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PostSubject: Re: The 'other' fighting clerk - Corporal JH Mayor, N.N.C   Wed Mar 05, 2014 6:16 pm

Hi Lee,
Thanks for that researching . It brings Mayor back to life.
Now it seems the two fighting "clerks" were together at the Sirayo kraal action.

regards,

PS; Please tell Frank that if he watched less cricket he could do more valuable research like that, or alternatively he could get on his horse and get up to Helpmekaar, where he is urgently needed.
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Lee Stevenson



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PostSubject: Re: The 'other' fighting clerk - Corporal JH Mayor, N.N.C   Wed Mar 05, 2014 9:25 pm

5 Roberts Road, Woodstock where Jesse Handcock Mayor died


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Lee Stevenson



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PostSubject: Re: The 'other' fighting clerk - Corporal JH Mayor, N.N.C   Wed Mar 05, 2014 9:29 pm

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Lee Stevenson



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PostSubject: Re: The 'other' fighting clerk - Corporal JH Mayor, N.N.C   Wed Mar 05, 2014 9:29 pm

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littlehand

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PostSubject: Re: The 'other' fighting clerk - Corporal JH Mayor, N.N.C   Wed Mar 05, 2014 10:27 pm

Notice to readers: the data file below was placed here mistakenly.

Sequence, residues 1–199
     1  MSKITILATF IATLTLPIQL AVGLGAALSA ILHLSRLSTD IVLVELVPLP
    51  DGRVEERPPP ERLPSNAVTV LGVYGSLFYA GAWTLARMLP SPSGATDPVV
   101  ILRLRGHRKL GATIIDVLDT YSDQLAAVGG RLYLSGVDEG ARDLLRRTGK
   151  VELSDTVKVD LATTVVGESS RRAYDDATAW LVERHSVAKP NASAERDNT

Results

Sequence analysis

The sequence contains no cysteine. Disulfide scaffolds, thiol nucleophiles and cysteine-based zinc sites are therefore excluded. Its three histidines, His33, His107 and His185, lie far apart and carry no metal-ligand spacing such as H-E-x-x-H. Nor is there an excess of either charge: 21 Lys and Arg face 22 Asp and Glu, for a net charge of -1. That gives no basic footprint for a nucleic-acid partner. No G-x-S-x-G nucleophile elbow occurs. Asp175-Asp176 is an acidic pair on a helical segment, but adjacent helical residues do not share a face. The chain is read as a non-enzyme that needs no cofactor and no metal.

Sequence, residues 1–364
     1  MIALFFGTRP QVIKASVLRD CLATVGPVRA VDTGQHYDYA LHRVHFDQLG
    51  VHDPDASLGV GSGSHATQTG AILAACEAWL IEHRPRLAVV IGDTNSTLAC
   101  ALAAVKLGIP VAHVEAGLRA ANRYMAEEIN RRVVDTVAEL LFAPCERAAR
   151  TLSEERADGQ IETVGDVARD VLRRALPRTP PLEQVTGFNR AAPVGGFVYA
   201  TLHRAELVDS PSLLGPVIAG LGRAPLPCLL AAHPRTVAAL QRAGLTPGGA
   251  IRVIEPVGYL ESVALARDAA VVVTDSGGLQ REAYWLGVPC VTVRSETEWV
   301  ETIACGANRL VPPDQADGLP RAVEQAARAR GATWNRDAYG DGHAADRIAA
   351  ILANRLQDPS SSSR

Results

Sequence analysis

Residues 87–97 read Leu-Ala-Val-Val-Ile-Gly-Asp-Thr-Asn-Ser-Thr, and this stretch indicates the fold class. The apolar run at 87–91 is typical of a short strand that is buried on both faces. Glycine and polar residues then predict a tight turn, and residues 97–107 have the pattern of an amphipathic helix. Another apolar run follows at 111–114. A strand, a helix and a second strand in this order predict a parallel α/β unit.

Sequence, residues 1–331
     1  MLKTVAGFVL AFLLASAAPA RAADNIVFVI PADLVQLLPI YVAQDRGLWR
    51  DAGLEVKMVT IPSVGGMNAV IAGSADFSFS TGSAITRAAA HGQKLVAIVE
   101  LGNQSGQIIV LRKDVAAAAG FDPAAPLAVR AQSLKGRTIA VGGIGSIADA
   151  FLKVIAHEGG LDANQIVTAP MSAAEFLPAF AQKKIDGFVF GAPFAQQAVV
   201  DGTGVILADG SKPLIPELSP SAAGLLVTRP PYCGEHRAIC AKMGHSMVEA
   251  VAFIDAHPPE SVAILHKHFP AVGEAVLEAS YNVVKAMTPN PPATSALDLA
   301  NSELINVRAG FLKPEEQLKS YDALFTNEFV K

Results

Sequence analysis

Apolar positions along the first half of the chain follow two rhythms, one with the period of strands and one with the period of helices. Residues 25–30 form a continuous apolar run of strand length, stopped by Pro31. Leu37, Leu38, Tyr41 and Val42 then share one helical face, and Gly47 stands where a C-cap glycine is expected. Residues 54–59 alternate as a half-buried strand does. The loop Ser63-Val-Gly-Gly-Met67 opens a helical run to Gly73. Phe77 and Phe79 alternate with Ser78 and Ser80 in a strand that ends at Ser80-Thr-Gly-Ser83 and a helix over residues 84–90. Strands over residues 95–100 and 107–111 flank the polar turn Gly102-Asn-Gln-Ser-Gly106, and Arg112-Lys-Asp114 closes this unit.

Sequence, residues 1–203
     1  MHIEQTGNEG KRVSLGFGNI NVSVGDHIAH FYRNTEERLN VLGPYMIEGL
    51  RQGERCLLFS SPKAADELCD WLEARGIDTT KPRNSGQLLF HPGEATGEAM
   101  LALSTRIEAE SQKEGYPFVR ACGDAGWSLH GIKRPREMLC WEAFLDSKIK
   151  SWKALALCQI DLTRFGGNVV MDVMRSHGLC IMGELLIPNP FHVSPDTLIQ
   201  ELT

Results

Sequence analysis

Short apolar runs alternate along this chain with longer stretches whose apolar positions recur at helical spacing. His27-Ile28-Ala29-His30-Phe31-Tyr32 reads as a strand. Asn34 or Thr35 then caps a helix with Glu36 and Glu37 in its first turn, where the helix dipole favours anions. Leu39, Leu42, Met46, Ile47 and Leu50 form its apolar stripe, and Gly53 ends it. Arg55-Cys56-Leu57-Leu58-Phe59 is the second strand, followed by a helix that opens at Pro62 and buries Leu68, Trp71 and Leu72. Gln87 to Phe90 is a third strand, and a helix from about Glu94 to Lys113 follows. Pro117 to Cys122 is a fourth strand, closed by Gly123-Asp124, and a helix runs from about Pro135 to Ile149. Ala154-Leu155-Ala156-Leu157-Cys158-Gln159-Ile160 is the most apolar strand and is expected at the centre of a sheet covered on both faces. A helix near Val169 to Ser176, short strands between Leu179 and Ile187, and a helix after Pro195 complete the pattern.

Excellent work, keep it up.  agree 
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90th

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PostSubject: The ' Other ' fighting Clerk ;Cpl J.H.Mayor    Thu Mar 06, 2014 4:59 am

Agree with Littlehand , certainly excellent work those men ! .  Very Happy 
90th
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Frank Allewell

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PostSubject: Re: The 'other' fighting clerk - Corporal JH Mayor, N.N.C   Fri Mar 07, 2014 8:17 am

As Lee says more to still do to 'flesh out' the man. But to give a touch of colour to him, attached is the original letter found in the archives.
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Cheers
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90th

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PostSubject: The ' Other ' fighting clerk - Cpl J.H.Mayor   Fri Mar 07, 2014 8:26 am

Good stuff springy . Well done  Joker   agree 
Cheers 90th
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Julian Whybra



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PostSubject: Re: The 'other' fighting clerk - Corporal JH Mayor, N.N.C   Tue Mar 11, 2014 10:00 am

Excellent work.
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Philip



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PostSubject: Thank you for this information   Tue Sep 16, 2014 12:32 pm

Hi Lee

Just joined this forum and found this information on J H Mayor.

I have an interest in J H Mayor through researching my maternal grandfather's origins, who was born in Uitenhage in 1897. I believe my grandfather's mother Kathleen Mayor is Jesse Handcock Mayor's younger sister.